Nothing Is Ever ‘Good Enough’ In My Relationship
The simple shift you can make to transform your relationships.
You can change your relationships immediately by doing this one thing. It doesn’t even matter what type of relationship it is;: romantic, workplace, parents, kids — it doesn’t matter. And no, this is not just another empty article promising “one quick fix.” This is the real deal.
Here’s the thing: Most of us are used to connecting through criticism. If there’s a feeling of disconnect within a relationship, or we’re constantly wanting a partner to change and show up differently, then we’ll find ourselves criticizing their every word or action. We nitpick or nag. Sometimes we don’t even need to vocalize it, but it’s clear from our tone of voice or body language that we disapprove.
Part of this is rooted in the way our minds work. Evolutionarily, we’re programmed to look for the negative. Negativity bias is what kept our ancestors alive. If you looked for the tiger, and saw the tiger, your family is still here. If your family didn’t see the tiger, you’re done! So there’s an evolutionary reason for all this criticism, but it might be misplaced.
What Drs. John and Julie Gottman found in their research is that couples who were in it for the long haul had one factor distinguishing them from couples who eventually broke up. They studied newlyweds, recorded their conversations, and then did follow ups over the years. What they saw was this: the couples that stayed together had at least five positive interactions to every one negative interaction. Some couples even exceeded the five-to-one ratio with seven, eight, or nine to one!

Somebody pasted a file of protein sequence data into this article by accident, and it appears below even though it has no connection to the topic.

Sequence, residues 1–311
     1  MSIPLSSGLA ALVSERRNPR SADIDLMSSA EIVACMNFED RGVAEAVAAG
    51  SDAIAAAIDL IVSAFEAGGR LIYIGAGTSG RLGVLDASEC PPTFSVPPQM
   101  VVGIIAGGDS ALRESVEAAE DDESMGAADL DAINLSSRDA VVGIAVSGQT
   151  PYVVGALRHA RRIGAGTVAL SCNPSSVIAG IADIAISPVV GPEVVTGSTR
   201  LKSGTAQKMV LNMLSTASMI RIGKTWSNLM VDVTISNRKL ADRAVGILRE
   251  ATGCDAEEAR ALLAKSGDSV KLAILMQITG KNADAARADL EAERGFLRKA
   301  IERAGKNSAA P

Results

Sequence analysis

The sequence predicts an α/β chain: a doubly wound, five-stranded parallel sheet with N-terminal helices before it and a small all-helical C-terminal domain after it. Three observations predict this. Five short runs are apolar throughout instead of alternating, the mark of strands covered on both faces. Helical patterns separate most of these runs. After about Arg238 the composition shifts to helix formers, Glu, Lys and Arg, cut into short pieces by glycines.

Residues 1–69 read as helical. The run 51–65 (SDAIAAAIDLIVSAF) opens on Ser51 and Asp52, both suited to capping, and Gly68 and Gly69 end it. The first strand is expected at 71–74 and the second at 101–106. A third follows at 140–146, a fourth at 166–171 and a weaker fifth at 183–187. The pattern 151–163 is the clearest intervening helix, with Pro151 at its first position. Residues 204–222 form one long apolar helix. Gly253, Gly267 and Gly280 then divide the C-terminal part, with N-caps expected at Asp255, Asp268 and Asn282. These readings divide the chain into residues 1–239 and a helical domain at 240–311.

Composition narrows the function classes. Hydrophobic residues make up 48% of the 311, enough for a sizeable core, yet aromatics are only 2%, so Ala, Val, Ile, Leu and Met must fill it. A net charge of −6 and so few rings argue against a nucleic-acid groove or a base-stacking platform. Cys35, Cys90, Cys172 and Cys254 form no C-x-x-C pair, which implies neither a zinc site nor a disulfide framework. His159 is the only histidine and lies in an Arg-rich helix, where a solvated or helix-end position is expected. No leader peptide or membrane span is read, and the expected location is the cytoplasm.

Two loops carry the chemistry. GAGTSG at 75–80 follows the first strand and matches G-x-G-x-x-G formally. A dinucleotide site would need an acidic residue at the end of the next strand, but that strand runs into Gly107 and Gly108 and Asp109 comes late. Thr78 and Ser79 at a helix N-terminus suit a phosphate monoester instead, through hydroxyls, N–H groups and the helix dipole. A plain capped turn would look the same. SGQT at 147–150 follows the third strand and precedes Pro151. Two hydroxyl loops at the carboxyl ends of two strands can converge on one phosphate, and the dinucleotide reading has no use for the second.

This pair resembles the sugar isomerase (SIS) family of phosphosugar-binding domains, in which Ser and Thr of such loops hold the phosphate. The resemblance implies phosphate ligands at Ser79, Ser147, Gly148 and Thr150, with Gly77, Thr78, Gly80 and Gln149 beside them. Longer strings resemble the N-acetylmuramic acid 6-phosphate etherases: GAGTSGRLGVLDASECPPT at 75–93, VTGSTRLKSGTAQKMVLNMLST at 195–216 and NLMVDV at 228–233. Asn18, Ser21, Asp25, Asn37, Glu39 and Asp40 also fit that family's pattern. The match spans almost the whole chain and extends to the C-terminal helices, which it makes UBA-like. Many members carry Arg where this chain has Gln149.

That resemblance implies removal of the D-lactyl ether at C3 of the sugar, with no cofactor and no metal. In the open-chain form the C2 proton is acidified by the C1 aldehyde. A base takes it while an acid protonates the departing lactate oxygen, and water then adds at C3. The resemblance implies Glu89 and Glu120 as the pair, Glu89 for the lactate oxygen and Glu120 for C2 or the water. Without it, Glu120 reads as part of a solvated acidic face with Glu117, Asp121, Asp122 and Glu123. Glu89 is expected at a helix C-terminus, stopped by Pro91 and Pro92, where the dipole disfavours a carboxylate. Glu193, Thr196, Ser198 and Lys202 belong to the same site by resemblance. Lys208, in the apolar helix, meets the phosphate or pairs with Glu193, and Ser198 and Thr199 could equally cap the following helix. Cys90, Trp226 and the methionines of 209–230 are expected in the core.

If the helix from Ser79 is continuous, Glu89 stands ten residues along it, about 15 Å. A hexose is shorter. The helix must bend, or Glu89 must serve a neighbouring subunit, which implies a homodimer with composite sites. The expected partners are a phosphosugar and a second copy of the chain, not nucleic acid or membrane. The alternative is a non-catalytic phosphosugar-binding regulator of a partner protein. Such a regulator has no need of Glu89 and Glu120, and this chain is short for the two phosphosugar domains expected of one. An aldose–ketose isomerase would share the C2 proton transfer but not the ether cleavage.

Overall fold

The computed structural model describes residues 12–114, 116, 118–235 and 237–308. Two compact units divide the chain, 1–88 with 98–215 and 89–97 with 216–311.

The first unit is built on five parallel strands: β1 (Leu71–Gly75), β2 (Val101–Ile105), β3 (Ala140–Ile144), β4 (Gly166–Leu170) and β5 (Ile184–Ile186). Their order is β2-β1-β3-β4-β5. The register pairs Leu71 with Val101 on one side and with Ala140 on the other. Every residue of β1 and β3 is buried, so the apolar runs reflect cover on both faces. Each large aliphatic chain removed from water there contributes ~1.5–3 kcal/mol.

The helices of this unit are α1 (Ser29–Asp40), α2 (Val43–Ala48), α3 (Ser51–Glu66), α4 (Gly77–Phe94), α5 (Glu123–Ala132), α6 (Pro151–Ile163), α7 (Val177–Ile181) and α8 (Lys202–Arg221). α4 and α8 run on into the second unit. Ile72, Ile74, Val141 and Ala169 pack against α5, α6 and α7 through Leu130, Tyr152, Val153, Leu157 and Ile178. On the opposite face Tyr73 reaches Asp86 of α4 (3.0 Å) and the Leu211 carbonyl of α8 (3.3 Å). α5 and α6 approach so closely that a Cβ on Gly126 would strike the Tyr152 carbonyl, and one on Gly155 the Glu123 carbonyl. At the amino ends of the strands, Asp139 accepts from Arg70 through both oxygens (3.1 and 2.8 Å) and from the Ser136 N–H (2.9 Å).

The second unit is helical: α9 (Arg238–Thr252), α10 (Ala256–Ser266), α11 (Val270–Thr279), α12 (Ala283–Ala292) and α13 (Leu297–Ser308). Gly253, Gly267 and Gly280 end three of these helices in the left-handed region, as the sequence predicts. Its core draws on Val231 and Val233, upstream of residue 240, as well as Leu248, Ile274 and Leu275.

So if you find yourself stuck in a cycle of criticism with your partner, a simple way to shift it is to start noticing what they’re doing well. As they say, “What we appreciate, appreciates.” Soon, you’ll start to see more and more positives on which to focus.
If we feel anxious, or there’s disconnection in our relationship, or we’re going through a rough patch, then we might unconsciously fall back on our hold ways of connecting through criticism. Some of us even work in jobs where we’re rewarded for that mindset and conditioned to look at what’s wrong so we can fix it and make it more efficient. Lawyers may be always looking for how to win an argument, for instance. So for some people, it could be a major shift to stop looking at the negative and find positives. A relationship built on positivity doesn’t necessarily mean it’s devoid of constructive feedback. But if all you’re ever doing is criticizing and giving feedback, why would anyone want to be with you? Because what ends up occurring is the other person could begin to feel like nothing they ever do is good enough.
Humans love to be affirmed. I love it! Chances are you love it too! An easy place to start is by celebrating or magnifying the things you’re doing well. Acknowledge when you show up, and then you’ll start acknowledging where other people are showing up. Start to notice how you connect. Do you connect via criticism? Do you express your frustration with unsolicited feedback? What happens if you try this new approach? What changes might you see in yourself and your partnerships if you focus on the positives?
I promise you, your relationships will transform.